Lattice defects in potassium thiocyanate.
thesisposted on 19.11.2015, 08:47 authored by A. R. Tilley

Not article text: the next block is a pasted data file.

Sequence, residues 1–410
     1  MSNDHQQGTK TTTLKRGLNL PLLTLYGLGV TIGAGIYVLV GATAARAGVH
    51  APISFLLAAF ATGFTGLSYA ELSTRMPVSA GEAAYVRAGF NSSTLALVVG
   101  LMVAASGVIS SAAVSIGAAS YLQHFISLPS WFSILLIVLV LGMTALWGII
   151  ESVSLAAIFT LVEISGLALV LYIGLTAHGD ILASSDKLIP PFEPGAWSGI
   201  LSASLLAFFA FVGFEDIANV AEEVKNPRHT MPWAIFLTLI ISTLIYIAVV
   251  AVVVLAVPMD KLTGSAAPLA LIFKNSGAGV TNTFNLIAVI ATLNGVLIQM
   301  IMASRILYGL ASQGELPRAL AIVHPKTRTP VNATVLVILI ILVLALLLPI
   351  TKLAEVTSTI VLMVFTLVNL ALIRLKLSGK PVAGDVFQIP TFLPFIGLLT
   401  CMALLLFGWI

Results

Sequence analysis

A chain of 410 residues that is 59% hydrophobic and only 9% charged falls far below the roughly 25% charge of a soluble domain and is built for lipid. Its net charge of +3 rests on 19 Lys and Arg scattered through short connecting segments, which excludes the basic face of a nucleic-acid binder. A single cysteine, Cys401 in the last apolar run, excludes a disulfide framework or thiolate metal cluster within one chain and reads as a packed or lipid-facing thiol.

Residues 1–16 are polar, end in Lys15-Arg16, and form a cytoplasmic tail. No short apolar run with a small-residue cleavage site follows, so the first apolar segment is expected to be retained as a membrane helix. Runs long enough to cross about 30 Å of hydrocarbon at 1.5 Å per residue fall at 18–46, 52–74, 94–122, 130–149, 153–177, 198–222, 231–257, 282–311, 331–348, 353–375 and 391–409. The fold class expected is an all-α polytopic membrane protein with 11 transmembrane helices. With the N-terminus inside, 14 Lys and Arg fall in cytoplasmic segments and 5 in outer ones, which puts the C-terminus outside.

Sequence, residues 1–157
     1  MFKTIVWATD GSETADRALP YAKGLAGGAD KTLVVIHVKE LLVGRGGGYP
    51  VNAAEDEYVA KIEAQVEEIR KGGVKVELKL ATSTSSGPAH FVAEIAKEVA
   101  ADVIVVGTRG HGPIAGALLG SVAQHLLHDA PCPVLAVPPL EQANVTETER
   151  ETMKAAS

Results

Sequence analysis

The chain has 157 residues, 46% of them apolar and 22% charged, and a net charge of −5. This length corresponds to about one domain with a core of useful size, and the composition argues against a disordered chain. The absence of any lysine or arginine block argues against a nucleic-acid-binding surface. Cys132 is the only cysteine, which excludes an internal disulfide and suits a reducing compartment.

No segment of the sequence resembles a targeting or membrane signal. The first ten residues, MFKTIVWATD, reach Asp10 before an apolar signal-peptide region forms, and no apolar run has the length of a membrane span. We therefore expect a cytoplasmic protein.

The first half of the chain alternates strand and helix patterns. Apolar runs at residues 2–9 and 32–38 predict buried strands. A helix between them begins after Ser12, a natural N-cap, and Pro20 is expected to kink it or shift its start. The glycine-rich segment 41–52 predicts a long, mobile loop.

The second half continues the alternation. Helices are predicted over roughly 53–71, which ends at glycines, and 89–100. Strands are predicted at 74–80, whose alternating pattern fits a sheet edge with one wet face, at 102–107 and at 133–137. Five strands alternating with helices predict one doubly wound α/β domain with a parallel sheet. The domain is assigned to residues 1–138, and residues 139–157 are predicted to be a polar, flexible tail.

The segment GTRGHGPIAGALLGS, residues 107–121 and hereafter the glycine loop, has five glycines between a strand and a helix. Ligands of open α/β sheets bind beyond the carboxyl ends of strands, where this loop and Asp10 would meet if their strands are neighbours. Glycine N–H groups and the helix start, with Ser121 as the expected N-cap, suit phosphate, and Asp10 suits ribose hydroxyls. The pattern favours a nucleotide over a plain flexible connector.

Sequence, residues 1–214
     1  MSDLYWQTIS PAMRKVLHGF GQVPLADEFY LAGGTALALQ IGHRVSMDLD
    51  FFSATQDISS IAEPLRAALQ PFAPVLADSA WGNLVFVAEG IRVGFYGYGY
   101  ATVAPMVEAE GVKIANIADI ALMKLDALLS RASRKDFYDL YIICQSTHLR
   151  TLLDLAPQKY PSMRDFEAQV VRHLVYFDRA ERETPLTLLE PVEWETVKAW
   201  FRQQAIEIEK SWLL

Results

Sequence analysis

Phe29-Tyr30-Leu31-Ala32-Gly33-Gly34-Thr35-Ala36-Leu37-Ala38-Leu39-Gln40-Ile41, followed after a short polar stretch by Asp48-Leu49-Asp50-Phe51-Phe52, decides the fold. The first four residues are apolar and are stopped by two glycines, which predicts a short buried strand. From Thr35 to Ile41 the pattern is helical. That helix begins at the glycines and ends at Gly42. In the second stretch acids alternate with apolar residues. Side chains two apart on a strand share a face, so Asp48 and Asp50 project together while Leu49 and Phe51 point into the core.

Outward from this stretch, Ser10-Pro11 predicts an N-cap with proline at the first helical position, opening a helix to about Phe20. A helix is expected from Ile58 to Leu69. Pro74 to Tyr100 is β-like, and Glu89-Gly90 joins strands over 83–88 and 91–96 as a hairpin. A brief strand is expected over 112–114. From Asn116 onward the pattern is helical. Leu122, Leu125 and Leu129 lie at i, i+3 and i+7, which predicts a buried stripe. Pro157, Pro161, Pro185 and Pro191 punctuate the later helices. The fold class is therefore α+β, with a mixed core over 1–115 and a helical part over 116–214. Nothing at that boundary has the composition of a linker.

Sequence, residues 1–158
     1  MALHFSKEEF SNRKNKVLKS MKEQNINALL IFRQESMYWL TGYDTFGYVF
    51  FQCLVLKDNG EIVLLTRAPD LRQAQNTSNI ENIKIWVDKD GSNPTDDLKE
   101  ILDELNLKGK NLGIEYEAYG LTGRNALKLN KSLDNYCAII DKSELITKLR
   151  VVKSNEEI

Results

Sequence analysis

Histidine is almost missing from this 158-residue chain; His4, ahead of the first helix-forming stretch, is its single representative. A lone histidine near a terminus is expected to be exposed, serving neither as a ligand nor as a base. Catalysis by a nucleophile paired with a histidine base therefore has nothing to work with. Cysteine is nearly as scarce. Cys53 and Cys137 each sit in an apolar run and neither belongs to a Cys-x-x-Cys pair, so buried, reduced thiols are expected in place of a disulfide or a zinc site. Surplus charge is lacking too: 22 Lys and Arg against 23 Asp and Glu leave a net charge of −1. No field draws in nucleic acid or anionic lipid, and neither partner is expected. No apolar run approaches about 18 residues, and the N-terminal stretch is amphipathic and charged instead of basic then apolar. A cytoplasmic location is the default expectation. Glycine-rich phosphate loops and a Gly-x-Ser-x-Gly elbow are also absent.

The defect behaviour of the low melting salt potassium thiocyanate has been studied. Ionic conductivity measurements were made on 'pure' single crystals and compressed pellets of KSCN, Diffusion studies were carried out on single crystals using radioactive tracers. The crystals were grown from the melt using zone refined KSCN which was shown by mass spectrographic analysis to have a low impurity content. The conductivity of the KSCN was measured by an a.c. method. The conductivity and activation energy were reproducible for several crystals giving two regions defined by the following equations:- for the temperature range 130C - 165C and for the temperature range 50C - 120C. The usual impurity dependence was not observed for the conductivity of KSCN pellets containing various amounts of lead impurity. The conductivity increased throughout the whole temperature range. The effects are discussed in terms of impurity dissolution and the relative number of defects. The diffusion of 42K was measured by a sectioning method and is represented by the equation:- for the temperature range 40 - 160C. The formation of free defects appears to be insignificant in controlling the diffusion. Comparison of the diffusion and conductivity results by the Nernst-Einstein relation shows that there is a large contribution to the diffusion by a neutral species, Vacancy pair diffusion is considered to be the cause of this disparity and anion diffusion work confirms this theory, the S14 CN- diffusion being of the same order as the 42K+ diffusion. Low values obtained for the impurity diffusion of 210Pb+ and 35S2- ruled out any significant contribution by impurity vacancy complexes. The phase transition was studied in detail by differential thermal calorimetry and by detailed conductivity and capacitance measurements. The temperature of the transition was not affected by added impurities.